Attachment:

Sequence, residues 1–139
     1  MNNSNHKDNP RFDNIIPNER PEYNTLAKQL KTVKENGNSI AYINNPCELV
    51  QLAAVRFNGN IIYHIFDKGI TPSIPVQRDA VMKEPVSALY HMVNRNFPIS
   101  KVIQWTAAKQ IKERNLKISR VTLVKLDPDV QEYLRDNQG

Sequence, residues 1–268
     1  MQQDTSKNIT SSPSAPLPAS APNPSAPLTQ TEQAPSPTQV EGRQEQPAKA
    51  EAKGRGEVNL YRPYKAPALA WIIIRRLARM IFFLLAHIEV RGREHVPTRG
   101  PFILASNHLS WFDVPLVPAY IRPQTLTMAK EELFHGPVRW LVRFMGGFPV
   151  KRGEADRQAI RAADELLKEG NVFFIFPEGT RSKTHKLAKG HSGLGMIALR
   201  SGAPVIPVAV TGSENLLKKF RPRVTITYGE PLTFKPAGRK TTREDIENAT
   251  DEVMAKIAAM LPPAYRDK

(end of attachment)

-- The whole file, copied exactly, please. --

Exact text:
Sequence, residues 1–139
     1  MNNSNHKDNP RFDNIIPNER PEYNTLAKQL KTVKENGNSI AYINNPCELV
    51  QLAAVRFNGN IIYHIFDKGI TPSIPVQRDA VMKEPVSALY HMVNRNFPIS
   101  KVIQWTAAKQ IKERNLKISR VTLVKLDPDV QEYLRDNQG

Sequence, residues 1–268
     1  MQQDTSKNIT SSPSAPLPAS APNPSAPLTQ TEQAPSPTQV EGRQEQPAKA
    51  EAKGRGEVNL YRPYKAPALA WIIIRRLARM IFFLLAHIEV RGREHVPTRG
   101  PFILASNHLS WFDVPLVPAY IRPQTLTMAK EELFHGPVRW LVRFMGGFPV
   151  KRGEADRQAI RAADELLKEG NVFFIFPEGT RSKTHKLAKG HSGLGMIALR
   201  SGAPVIPVAV TGSENLLKKF RPRVTITYGE PLTFKPAGRK TTREDIENAT
   251  DEVMAKIAAM LPPAYRDK